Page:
Background: Mooren's ulcer is a rapidly progressive, painful, ulcerative keratitis which initially affects the peripheral cornea and may spread circumferentially and then centrally. Mooren's ulcer can only be diagnosed in the absence of an infectious or systemic cause and must be differentiated from other corneal abnormalities, such as Terrien's degeneration. Although the etiology remains unknown, recent research has proposed an underlying immune process and a possible association with the hepatitis C virus. The response to medical and surgical intervention is typically poor, and the visual outcome can be devastating.
Case series: Three patients presented to our clinic with inferior peripheral corneal defects characteristic of Mooren's ulceration. The first patient, a 67-year-old white male, presented with an area of progressive peripheral thinning of the left inferior cornea 1 week after a preoperative skin cleanser was inadvertently splashed in both eyes. This occurred during a surgical procedure to remove a basal cell carcinoma. The second patient, a 56-year-old white male, was treated for a recurrent left inferior corneal ulcer with impending risk of perforation. The third patient was a 68-year-old white male referred for a painful left inferior peripheral ulcer, which rapidly progressed into a bilateral corneal melt disorder. All patients were diagnosed with Mooren's ulcerative keratitis after they underwent extensive medical and laboratory testing to rule out an infectious or systemic cause of their corneal melt. The first patient was treated with oral steroids, as well as doxycycline, to control his acne rosacea. The second patient responded to aggressive treatment with topical steroid therapy. This patient also tested positive for hepatitis C. The third patient rapidly developed a perforated left cornea and was treated with a penetrating keratoplasty after a patch graft had failed.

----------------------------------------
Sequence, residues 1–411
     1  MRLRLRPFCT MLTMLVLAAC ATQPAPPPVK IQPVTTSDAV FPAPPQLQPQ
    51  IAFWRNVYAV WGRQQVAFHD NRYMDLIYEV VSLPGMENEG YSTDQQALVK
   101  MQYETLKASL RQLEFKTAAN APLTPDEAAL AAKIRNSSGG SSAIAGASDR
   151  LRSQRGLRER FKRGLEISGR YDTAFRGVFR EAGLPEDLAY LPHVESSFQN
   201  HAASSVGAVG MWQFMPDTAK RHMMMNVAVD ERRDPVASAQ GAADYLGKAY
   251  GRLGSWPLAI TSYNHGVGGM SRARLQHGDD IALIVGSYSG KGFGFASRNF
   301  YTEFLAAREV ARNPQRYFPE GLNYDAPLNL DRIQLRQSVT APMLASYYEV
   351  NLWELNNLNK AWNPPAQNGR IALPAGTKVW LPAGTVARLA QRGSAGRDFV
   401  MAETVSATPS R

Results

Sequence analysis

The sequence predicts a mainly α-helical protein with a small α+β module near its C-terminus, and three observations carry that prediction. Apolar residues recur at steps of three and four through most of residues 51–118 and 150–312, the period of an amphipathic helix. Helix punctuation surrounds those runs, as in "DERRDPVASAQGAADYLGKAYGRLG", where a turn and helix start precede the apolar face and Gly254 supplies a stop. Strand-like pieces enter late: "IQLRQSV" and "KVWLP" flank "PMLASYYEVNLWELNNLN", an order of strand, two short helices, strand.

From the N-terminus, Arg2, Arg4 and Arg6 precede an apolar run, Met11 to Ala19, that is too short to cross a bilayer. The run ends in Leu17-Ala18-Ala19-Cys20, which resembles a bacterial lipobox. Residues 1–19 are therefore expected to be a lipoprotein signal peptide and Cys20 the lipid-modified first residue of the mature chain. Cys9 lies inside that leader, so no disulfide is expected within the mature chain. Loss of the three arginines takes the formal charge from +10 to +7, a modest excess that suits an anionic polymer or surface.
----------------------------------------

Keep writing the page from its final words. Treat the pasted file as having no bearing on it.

Discussion: Mooren's ulcer is an idiopathic, painful, progressive ulceration of the peripheral cornea. These ulcers usually respond poorly to conventional therapy, as there is limited knowledge of the pathophysiology of the disease. Evidence of an autoimmune component advocates the use of steroids and immunosuppressive agents. With further research and understanding of Mooren's ulcer, better treatment options may be available in the future.